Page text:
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Dan Wood (Mugshot)

Microsoft recently announced the support of Git, the ubiquitous Distributed Version Control System with Visual Studio, and even more significantly, with Team Foundation Server. Scott Hanselman, on his blog, beat me to the punch in using the prolific geek quote from Ghostbusters, “Dogs and cats, living together…mass hysteria!” to describe the enormity of this development, but what does the new Visual Studio support and TFS integration with Git mean to you? The answer, like the answer to almost all technical questions, is “it depends.”

For many small development shops, the idea of using TFS and a centralized source control repository is anathema. The mere thought of being restricted by a software configuration manager on how and when to branch or merge cuts against everything they cherish in software development. Git is their natural and chosen ground for managing source code. The freedom and flexibility of using Git enables them to work where they are. This is especially true if they are working as part of a distributed team on modular projects.

Microsoft addressed many of the existing concerns with TFS source control with the advent of TFS 2012 and local workspaces. However, even though local workspaces enable great flexibility in offline work, they are still ultimately tied to a central repository and the policies and restrictions imposed on it.

Enter Git support in TFS. Git support currently comes in two forms; stand alone Git support in Visual Studio and Git support with TFS.

Git support with Visual Studio is completely straightforward. Simply change the source control plug-in selection to the Microsoft Git Provider and all the power and flexibility of Git is available to the Visual Studio developer such as private branches and online collaboration with Git hosts such as GitHub and BitBucket.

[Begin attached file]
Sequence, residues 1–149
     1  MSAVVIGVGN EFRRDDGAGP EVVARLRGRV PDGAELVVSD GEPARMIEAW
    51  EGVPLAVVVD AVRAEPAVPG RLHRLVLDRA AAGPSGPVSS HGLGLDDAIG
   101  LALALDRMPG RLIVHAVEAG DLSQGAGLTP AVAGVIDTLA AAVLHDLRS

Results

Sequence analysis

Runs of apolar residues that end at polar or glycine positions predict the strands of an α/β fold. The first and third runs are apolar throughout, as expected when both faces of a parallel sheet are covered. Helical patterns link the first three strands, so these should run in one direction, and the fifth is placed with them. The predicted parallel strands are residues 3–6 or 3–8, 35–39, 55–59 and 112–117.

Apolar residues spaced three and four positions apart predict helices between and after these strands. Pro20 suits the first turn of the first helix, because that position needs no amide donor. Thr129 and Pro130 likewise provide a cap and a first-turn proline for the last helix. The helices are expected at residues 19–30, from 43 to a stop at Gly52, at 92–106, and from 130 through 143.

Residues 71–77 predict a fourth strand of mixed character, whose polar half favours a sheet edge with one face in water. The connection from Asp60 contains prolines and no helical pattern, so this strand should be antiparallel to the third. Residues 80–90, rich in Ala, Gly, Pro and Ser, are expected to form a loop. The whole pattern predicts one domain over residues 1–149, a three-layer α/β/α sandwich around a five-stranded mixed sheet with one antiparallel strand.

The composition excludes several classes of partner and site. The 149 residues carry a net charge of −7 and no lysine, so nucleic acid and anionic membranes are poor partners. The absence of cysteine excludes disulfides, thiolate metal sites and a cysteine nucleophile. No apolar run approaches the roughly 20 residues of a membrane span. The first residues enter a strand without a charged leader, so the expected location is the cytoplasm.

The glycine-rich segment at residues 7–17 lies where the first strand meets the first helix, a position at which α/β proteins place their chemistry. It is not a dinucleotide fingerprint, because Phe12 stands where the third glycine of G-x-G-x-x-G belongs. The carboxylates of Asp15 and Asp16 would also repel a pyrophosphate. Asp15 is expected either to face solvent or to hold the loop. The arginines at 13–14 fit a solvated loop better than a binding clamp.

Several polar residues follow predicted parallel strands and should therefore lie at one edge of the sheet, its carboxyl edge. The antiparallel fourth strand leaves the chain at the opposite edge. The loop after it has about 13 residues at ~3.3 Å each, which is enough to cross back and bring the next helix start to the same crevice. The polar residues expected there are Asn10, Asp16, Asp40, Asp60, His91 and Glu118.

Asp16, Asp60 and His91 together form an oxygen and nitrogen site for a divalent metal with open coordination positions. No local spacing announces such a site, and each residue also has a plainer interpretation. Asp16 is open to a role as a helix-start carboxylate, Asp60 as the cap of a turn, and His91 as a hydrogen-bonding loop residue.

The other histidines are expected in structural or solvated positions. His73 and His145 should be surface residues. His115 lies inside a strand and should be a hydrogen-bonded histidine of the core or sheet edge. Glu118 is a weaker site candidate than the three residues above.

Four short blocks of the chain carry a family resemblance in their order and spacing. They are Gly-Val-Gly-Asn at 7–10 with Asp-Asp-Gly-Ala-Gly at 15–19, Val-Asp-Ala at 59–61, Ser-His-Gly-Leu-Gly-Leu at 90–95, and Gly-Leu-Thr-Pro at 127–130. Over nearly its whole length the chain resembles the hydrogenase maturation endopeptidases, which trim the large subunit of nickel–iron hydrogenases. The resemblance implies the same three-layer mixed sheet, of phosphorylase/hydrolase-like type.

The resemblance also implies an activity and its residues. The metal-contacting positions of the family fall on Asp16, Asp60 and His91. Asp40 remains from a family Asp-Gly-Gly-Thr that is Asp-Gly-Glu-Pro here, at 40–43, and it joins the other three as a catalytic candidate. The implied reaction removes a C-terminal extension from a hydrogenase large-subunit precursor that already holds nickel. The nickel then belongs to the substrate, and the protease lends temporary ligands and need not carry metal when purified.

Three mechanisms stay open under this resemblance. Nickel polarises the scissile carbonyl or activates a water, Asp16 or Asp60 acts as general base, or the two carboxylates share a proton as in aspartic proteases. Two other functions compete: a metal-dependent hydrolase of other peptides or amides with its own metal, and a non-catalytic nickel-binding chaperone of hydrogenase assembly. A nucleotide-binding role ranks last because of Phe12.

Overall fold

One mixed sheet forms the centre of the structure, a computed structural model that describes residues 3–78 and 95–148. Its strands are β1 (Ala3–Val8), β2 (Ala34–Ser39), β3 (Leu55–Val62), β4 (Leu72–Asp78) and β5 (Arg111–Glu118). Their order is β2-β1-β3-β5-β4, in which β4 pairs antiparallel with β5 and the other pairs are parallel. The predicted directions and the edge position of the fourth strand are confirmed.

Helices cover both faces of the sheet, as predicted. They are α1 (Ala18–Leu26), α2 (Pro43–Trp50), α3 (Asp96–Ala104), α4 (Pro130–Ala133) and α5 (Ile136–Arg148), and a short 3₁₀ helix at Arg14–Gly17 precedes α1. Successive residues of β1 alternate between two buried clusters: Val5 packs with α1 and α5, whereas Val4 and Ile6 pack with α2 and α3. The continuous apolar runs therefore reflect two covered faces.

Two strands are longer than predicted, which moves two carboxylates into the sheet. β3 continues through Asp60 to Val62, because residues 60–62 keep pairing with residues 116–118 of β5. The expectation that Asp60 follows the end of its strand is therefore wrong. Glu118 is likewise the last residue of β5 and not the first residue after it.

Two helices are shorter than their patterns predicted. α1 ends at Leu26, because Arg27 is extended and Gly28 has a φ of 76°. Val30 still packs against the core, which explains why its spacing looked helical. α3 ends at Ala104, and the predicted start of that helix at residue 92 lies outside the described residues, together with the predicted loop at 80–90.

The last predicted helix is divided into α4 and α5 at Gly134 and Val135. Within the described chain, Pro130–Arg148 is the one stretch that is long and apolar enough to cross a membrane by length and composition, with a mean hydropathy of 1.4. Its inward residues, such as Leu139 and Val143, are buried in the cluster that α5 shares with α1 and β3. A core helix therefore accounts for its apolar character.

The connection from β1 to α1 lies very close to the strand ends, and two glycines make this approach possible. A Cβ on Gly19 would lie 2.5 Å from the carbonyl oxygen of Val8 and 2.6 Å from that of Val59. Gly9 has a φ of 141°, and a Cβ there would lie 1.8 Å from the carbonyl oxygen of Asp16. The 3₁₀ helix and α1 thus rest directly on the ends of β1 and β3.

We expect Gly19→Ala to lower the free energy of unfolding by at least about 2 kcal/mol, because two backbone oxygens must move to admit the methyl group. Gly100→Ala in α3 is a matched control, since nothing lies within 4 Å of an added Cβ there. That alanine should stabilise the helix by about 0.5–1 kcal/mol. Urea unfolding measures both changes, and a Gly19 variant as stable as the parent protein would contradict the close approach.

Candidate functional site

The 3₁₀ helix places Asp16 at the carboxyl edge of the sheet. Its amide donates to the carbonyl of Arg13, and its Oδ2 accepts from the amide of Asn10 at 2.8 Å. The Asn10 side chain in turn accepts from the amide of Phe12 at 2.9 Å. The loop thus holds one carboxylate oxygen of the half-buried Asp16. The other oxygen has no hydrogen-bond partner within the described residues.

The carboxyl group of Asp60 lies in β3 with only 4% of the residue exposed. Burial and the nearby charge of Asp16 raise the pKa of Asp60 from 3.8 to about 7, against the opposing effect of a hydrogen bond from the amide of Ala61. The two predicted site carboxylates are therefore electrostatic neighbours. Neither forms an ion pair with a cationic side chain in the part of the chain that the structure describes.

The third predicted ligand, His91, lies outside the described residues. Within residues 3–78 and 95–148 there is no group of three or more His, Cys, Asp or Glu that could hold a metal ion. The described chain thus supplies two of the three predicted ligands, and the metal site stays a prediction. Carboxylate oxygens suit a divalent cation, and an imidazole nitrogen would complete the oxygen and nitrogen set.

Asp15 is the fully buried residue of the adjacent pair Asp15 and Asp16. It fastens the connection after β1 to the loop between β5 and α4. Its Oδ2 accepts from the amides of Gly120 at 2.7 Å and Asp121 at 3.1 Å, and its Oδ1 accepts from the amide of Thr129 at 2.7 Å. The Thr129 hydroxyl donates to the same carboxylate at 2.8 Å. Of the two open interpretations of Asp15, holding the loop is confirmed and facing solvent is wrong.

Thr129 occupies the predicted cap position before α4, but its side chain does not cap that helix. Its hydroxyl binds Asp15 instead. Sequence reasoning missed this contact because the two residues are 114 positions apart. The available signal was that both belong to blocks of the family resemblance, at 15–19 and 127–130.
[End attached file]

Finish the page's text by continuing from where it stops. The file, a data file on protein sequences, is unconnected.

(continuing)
Source

Configuring Git for Visual Studio Source Control

However, from an ALM perspective, the real power and the compelling feature of Microsoft’s integration with Git is the ability to work with TFS.

Developers still get all the advantages and flexibility of Git, but can also take advantage of the ALM features of TFS such as work item tracking, team tools and integrated build. The Git – TFS integration gets us much closer to the ultimate goal of true cross-platform support in a single ALM toolset.

The TFS – Git integration can be utilized a couple of ways. The first option is the ability to essentially synchronize a Git repository with TFS source control with the Git-TF utility. This utility makes it easy to clone sources from TFS, fetch updates from TFS and push changes back to TFS. What’s more, it fully supports TFS shelvesets and work item integration, which presents some exciting possibilities. The features and functionality Git-TF provides makes it a compelling solution and a credible compromise between centrally managed teams with source control and distributed teams with distributed source control.

The second option, available now only through Microsoft’s hosted TFS Service, is the ability for organizations to create TFS Team Projects with Git hosted source control (this ability is reportedly planned for on premise TFS support in the next release). This is a fairly exciting development. Having the choice between native TFS version control and Git when creating a team project opens many doors that hitherto were locked shut.

remoteRepo1

XCode IDE connected to a TFS hosted repository

Eclipse, XCode, Visual Studio and any other IDE that supports Git can now be used to leverage the powerful ALM features TFS provides. As an ALM consultant, that’s the part that excites me the most. Hosting all development efforts in a single environment; an environment that supports all the various technologies in play and being able to track and manage those efforts with agility and transparency is a huge benefit to any organization that provides multiple platform solutions. Even those who don’t, will now have the option to at least evaluate the feasibility of utilizing TFS in development environments not typically associated with a Microsoft project.

The mythical promised land of cross-platform ALM may have just become not so mythical.

The Git – TFS integration will be covered in more detail as well as other topics during the upcoming webcast on using Git with Visual Studio.

To register or to find out more information about the “Introducing the New Git Integration with TFS 2012″ webcast please visit the Northwest Cadence events page.

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